# one-way repeated measures ANOVA sample code
mydata <- read.table("http://www.gribblelab.org/teaching/stats2019/data/oneWayRepdata.csv", sep=",", header=TRUE)
mydata$treatment <- factor(mydata$treatment)
mydata$subject <- factor(mydata$subject)
# as a demonstration, run this as a between-subjects anova
# (we would not normally do this, but it is illustrative)
am1 <- aov(dv ~ treatment, data=mydata)
summary(am1)
# as a demo, run this as a two-factor anova,
# where treatment is one factor and subjects
# is another. Note: we are leaving out the
# interaction term
am2 <- aov(dv ~ treatment + subject, data=mydata)
summary(am2)
# run it using the standard notation in R
# for a repeated-measures factor, run in
# the univariate style
am3 <- aov(dv ~ treatment + Error(subject/treatment), data=mydata)
summary(am3)
################
# now run the anova using a multivariate approach
# (see Maxwell & Delaney for all the details of what this means)
#
# the reason to do this is that this approach
# provides computation of sphericity, and the
# corrected versions of F tests
#
# First reorganize data into matrix where rows are subjects
response <- with(mydata,
cbind(dv[treatment==1], dv[treatment==2], dv[treatment==3], dv[treatment==4]))
# now form the multivariate model using lm()
# this defines any between-subjects factors... since there
# aren't any, we just enter an intercept (1)
mlm1 <- lm(response ~ 1)
# now set up a variable to define the design of the study
# (one within factor)
rfactor <- factor(c("r1", "r2", "r3", "r4"))
# load the car Library which contains the useful function Anova()
# (note the capital A); type ?Anova for help on the Anova() function
library(car)
# now run the anova to convert the multivariate model mlm1 into
# an anova object
mlm1.aov <- Anova(mlm1, idata = data.frame(rfactor), idesign = ~rfactor, type = "III")
summary(mlm1.aov, multivariate=FALSE)
# perform follow up test comparing individual means
# e.g. resp1 vs resp2
# First do it using the usual F ratio for comparisons
# this uses the error term from the anova
# get df and error term from anova table (look at it)
df2 <- 27 # df for error term
sserr <- 28.6 # ss error term
mserr <- sserr / df2 # compute mserr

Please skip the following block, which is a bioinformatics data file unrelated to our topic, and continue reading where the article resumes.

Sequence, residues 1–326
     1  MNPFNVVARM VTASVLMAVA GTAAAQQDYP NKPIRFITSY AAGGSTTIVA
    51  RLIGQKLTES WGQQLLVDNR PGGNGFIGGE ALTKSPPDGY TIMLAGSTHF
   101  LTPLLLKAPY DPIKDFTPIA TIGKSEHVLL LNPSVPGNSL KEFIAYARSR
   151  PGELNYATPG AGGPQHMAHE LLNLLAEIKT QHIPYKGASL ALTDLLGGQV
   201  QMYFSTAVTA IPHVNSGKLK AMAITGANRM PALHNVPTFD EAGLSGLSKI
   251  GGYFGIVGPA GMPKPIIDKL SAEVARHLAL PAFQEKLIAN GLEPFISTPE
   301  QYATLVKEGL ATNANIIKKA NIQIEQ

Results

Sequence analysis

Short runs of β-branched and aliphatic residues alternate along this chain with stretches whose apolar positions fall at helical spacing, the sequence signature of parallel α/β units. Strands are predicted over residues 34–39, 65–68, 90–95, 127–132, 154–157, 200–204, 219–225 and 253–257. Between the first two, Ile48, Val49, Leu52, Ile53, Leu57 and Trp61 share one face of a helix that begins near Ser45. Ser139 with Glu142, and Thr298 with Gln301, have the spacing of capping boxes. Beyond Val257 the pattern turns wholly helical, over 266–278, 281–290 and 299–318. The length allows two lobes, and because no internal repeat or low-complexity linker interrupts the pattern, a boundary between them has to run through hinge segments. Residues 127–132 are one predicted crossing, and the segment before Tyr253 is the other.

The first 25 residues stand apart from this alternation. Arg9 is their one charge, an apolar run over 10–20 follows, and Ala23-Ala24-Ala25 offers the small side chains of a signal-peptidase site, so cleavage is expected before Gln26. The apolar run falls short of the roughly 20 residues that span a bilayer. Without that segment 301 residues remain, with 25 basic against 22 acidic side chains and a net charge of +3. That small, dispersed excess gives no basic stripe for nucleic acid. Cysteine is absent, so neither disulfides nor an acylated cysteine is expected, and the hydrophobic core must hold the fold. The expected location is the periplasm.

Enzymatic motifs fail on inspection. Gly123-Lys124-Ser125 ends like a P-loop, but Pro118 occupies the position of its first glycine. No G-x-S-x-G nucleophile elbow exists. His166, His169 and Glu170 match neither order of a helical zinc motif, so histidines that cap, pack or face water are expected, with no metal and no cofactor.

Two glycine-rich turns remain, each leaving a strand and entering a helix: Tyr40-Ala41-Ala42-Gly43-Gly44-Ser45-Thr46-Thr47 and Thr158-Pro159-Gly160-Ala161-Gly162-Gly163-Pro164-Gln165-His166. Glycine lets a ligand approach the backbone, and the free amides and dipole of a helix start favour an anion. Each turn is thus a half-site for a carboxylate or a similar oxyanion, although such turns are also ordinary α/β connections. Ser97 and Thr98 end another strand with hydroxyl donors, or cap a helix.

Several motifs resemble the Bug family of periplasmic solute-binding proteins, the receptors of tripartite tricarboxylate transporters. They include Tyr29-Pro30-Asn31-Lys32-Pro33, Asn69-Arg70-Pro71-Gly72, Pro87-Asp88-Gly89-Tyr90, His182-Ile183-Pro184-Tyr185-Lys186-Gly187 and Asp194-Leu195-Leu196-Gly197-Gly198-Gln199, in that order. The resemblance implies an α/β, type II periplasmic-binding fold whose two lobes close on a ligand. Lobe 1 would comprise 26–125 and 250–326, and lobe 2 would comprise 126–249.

n <- 10 # num subjects per group
a <- 4 # num groups
mresp1 <- mean(response[,1]) # mean of resp1
mresp2 <- mean(response[,2]) # mean of resp2
sscomp <- (mresp1-mresp2)^2 # ss comparison
dfcomp <- 1 # df comparison
Fcomp <- (n*sscomp/2) / (mserr) # Fobs for comparison
pcomp <- pf(Fcomp, dfcomp, df2, lower.tail=FALSE) # pobs for comparison
# note this is uncorrected for type-I error
# for example, let's do a Tukey test (see pg. 550, eq 41)
qobs <- sqrt(2*Fcomp) # compute q value
# df for q are (a,(a-1)(n-1))
pt <- ptukey(qobs, 4, (4-1)*(n-1), lower.tail=FALSE)
# if you're concerned about violating the sphericity assumption,
# then a better approach would be a simple t-test of the difference between
# scores of each group. Eg. comparing resp1 vs resp2:
dscores <- response[,1] - response[,2]
t.test(dscores)
# or we could do it using fancy matrix multiplication:
mycontrast <- c(+1, -1, 0, 0)
# %*% is matrix multiplications
dscores <- response %*% mycontrast
t.test(dscores)
# note this is uncorrected for Type-I error. You can always transform a t into
# an F (when dfnum=1), then into a q and do Tukey tests.
# if you're interested in complex comparisons, then just specify the
# contrast - e.g. compare mean 1 against average of means 2,3,4
mycontrast <- c(3, -1, -1, -1)
dscores2 <- response %*% mycontrast
t.test(dscores2)
################################## USING LMER ##################################
# lmer() allows fitting linear mixed-effects models. We model treatment
# as a fixed effect, and subjects as a random effect
library(lme4)
mydata <- read.table("http://www.gribblelab.org/teaching/stats2019/data/oneWayRepdata.csv", sep=",", header=TRUE)
mydata$treatment <- factor(mydata$treatment)
mydata$subject <- factor(mydata$subject)
# treatment is a fixed effect, subject is a random effect
lmerfit <- lmer(dv ~ treatment + (1|subject), data=mydata)
anova(lmerfit)
# now perform Tukey pairwise tests across levels of
# the fixed effect (treatment)
library(multcomp)
contr <- glht(lmerfit, linfct=mcp(treatment="Tukey"))
summary(contr)